Blog: Katy AskewWill Roshen be on the block now its owner is the Ukrainain president?

Katy Askew | 5 June 2014

Petro Poroshenko's ascent to the presidency of the Ukraine could see the world's 18th largest confectionery company put up for sale as the "candy king" turns his attention to the pressing issues of the day, like sweet-talking Russia.

In the run up to the presidential election, Poroshenko reportedly told German newspaper Bild that he would sell the business to "wipe the slate clean" and "focus on the well being of the nation" were he to win.

The seizure of Roshen's Russian assets during the election campaign would certainly stand as proof that mixing politics and business in a powder keg of political tension might not be a recipe for success.

Last month, the Ukrainian confectioner lost an appeal to overturn the Russian authorities move to freeze Roshen's Russian bank accounts following a trademark spat with part state-owned Russian firm United Confectioners. The total amount seized in cash equals RUB2.8bn (US$80.5m).

While Roshen is yet to confirm whether it will be sold, attention has turned to who could emerge as potential bidders.

Much speculation has focused on whether Mars or Nestle would be interested in strengthening their hand in a region where they are already leading players. Russian reports have also suggested a potential takeover by Orkla - but given the Norwegian firm's strategic evaluation of operations in the region this seems a less-than-likely outcome. Lotte Confectionery has also be touted as a potential suitor. And what of United Confectioners itself? Would the politics of the situation prove a boulder to the firm, which has previously indicated its intention to grow sales outside Russia?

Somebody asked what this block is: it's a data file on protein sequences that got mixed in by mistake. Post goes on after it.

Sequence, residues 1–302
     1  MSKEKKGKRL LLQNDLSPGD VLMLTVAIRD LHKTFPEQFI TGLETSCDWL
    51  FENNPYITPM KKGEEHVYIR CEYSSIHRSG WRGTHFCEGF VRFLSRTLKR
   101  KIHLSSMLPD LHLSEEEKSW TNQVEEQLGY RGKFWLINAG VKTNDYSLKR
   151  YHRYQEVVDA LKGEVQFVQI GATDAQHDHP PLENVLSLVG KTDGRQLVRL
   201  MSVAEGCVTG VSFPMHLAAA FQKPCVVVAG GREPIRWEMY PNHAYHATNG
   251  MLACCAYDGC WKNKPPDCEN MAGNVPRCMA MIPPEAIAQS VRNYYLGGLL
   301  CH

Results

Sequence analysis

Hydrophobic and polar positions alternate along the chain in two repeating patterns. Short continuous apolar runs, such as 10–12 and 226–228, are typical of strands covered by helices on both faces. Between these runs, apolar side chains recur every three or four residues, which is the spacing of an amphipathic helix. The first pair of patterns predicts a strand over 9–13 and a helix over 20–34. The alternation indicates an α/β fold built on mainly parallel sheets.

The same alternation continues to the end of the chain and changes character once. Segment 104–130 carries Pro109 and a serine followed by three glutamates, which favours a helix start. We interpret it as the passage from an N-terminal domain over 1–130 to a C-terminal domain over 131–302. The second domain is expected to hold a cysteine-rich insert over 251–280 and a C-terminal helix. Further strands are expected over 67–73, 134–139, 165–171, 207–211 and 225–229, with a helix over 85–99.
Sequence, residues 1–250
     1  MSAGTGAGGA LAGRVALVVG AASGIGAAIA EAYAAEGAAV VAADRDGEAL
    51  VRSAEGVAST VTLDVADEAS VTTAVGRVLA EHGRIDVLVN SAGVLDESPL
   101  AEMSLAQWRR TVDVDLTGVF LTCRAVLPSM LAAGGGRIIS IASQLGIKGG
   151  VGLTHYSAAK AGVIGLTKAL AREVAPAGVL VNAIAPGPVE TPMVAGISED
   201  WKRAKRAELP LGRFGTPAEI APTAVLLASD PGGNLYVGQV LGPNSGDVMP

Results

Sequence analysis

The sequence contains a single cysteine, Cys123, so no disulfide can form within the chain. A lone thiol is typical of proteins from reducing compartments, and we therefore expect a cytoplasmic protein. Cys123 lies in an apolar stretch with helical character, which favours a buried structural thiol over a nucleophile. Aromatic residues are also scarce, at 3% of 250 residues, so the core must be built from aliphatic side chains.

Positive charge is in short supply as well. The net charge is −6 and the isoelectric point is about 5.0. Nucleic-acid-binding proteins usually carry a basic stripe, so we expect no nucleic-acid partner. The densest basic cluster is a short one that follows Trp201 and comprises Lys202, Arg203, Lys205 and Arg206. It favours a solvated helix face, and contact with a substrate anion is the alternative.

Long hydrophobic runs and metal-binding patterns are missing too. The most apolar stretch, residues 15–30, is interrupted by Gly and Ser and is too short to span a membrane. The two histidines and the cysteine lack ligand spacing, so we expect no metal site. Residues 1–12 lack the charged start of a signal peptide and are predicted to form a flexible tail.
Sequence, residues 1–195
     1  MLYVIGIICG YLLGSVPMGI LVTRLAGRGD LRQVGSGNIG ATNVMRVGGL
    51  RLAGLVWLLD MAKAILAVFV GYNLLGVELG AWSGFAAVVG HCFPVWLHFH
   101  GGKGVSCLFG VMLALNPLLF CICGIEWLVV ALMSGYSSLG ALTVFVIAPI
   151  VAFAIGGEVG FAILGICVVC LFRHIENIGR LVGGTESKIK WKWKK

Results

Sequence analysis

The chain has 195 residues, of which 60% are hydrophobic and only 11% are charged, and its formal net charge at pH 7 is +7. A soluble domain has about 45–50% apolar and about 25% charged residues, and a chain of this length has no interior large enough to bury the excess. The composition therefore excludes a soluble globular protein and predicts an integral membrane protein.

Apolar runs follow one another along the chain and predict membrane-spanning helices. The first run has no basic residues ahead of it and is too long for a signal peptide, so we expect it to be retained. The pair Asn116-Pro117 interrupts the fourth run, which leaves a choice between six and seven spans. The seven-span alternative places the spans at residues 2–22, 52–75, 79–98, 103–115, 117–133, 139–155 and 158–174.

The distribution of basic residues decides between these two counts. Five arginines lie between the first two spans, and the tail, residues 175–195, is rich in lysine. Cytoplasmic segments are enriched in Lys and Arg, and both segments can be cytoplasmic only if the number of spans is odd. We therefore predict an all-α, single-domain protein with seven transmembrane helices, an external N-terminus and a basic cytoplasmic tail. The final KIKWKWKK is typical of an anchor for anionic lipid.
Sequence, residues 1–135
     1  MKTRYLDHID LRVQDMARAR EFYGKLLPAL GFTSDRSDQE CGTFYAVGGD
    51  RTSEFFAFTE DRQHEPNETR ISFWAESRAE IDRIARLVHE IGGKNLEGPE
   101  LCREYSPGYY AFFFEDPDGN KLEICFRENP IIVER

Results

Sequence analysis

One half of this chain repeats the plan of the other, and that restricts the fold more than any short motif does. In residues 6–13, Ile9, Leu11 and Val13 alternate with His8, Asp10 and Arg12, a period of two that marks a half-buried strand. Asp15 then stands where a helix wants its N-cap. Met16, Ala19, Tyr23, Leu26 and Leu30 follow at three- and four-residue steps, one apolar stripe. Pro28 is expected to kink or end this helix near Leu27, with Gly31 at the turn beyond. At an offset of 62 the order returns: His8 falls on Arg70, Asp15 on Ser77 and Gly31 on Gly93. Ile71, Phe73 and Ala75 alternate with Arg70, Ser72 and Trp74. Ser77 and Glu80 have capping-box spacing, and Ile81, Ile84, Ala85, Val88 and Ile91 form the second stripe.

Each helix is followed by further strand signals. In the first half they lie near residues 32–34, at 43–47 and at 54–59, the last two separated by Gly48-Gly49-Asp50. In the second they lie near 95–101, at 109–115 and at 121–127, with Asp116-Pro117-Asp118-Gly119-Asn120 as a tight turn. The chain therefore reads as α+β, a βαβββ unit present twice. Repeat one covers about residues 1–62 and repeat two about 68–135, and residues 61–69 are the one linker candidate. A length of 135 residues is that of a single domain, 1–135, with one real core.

What is clear is that operating in the volatile climate of eastern Europe offers both opportunity and risk to multinational confectionery groups. According to Mintel, a research firm, the market for confectionery in Eastern Europe increased at a compound annual growth rate of 6.2% between 2004 and 2009. But will the growth potential on offer be enough to assuage concerns over current political instability and an uncertain operating environment?

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